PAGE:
Difference between revisions of "2005 AMC 10B Problems/Problem 25"

Line 9: Line 9:
 
== See Also ==
 
== See Also ==
 
{{AMC10 box|year=2005|ab=B|num-b=24|after=Last Problem}}
 
{{AMC10 box|year=2005|ab=B|num-b=24|after=Last Problem}}
 +
{{MAA Notice}}

Revision as of 12:16, 4 July 2013

Problem

A subset $B$ of the set of integers from $1$ to $100$, inclusive, has the property that no two elements of $B$ sum to $125$. What is the maximum possible number of elements in $B$?

$\mathrm{(A)} 50 \qquad \mathrm{(B)} 51 \qquad \mathrm{(C)} 62 \qquad \mathrm{(D)} 65 \qquad \mathrm{(E)} 68$

Solution

The question asks for the maximum possible number of elements. The integers from $1$ to $24$ can be included because you cannot make $125$ with integers from $1$ to $24$ without the other number being greater than $100$. The integers from $25$ to $100$ are left. They can be paired so the sum is $125$: $25+100$, $26+99$, $27+98$, $\ldots$, $62+63$. That is $38$ pairs, and at most one number from each pair can be included in the set. The total is $24 + 38 = \boxed{\mathrm{(C)}\ 62}$.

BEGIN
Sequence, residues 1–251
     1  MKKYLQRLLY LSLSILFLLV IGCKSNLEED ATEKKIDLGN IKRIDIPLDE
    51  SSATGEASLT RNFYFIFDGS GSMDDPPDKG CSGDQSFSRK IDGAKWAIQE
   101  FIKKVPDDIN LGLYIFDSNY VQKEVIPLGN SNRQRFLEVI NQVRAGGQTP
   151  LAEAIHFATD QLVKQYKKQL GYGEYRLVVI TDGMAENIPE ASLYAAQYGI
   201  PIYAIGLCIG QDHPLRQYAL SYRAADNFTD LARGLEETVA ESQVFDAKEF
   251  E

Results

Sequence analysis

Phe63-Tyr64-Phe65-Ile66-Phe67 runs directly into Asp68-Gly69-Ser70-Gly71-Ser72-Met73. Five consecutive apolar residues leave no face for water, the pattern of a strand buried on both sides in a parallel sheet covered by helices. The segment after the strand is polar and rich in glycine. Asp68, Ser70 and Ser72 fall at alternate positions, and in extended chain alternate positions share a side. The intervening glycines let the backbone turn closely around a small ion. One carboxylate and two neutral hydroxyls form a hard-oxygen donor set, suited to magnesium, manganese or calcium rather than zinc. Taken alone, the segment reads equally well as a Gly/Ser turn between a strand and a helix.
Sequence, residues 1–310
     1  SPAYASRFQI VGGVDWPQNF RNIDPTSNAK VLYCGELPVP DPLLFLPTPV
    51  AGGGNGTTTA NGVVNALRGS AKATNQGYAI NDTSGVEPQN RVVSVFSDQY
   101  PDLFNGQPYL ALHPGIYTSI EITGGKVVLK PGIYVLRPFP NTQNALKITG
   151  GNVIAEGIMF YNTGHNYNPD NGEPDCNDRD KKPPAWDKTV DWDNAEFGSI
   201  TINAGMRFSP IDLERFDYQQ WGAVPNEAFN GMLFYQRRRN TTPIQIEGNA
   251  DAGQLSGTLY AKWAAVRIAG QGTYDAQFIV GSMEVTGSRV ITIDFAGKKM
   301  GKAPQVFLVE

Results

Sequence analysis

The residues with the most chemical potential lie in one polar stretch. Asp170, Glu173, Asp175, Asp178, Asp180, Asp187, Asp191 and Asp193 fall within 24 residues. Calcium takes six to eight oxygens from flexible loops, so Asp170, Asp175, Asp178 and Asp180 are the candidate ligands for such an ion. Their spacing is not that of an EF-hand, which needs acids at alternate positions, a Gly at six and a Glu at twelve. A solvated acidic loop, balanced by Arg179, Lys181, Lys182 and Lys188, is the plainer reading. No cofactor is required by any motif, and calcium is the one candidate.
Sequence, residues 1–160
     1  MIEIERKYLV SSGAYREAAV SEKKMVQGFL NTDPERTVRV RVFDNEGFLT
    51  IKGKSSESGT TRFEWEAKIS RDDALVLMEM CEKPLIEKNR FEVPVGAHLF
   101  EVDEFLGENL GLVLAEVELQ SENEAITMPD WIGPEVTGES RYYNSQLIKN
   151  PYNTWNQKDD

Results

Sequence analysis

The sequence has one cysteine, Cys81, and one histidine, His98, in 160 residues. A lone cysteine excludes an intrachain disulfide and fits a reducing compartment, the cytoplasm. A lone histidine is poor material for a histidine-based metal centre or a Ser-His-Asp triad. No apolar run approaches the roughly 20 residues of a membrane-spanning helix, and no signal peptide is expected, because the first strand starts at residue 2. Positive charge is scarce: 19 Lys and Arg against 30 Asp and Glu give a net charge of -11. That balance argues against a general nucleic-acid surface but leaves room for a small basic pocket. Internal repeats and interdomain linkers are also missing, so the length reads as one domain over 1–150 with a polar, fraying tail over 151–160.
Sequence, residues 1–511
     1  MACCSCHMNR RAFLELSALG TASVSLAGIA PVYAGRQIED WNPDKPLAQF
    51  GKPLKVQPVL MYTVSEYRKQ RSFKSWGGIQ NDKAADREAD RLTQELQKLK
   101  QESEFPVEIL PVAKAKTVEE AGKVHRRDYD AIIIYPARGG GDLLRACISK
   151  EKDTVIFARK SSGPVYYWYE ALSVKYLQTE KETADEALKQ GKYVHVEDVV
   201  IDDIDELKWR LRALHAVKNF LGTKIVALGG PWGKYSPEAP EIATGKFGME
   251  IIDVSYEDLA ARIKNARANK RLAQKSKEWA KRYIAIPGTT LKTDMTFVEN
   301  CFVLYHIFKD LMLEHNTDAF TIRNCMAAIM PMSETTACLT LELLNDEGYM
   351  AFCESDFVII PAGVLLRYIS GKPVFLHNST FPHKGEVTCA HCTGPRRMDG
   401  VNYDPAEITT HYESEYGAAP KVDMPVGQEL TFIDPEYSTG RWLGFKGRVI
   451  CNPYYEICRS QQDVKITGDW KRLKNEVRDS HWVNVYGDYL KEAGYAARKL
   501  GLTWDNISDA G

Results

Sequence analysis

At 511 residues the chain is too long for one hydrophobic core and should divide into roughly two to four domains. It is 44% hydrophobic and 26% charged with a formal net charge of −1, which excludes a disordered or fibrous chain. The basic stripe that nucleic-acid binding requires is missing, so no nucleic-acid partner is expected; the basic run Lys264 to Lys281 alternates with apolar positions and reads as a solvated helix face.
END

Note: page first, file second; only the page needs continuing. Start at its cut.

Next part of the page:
See Also

2005 AMC 10B (ProblemsAnswer KeyResources)
Preceded by
Problem 24
Followed by
Last Problem
1 2 3 4 5 6 7 8 9 10 11 12 13 14 15 16 17 18 19 20 21 22 23 24 25
All AMC 10 Problems and Solutions

The problems on this page are copyrighted by the Mathematical Association of America's American Mathematics Competitions. AMC logo.png

Invalid username
Login to AoPS